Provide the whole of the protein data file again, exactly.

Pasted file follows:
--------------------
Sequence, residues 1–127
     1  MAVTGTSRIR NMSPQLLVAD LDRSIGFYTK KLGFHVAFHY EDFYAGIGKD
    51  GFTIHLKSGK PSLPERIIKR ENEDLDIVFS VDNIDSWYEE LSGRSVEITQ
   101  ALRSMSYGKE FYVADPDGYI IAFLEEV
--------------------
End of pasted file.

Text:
Sequence, residues 1–127
     1  MAVTGTSRIR NMSPQLLVAD LDRSIGFYTK KLGFHVAFHY EDFYAGIGKD
    51  GFTIHLKSGK PSLPERIIKR ENEDLDIVFS VDNIDSWYEE LSGRSVEITQ
   101  ALRSMSYGKE FYVADPDGYI IAFLEEV